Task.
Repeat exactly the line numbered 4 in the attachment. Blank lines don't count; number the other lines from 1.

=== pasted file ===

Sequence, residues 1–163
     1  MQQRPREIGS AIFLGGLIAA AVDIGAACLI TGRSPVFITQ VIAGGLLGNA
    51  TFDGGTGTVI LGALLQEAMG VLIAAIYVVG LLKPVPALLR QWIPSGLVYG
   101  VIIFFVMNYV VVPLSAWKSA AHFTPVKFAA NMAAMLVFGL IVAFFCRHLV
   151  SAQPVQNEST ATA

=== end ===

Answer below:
   101  VIIFFVMNYV VVPLSAWKSA AHFTPVKFAA NMAAMLVFGL IVAFFCRHLV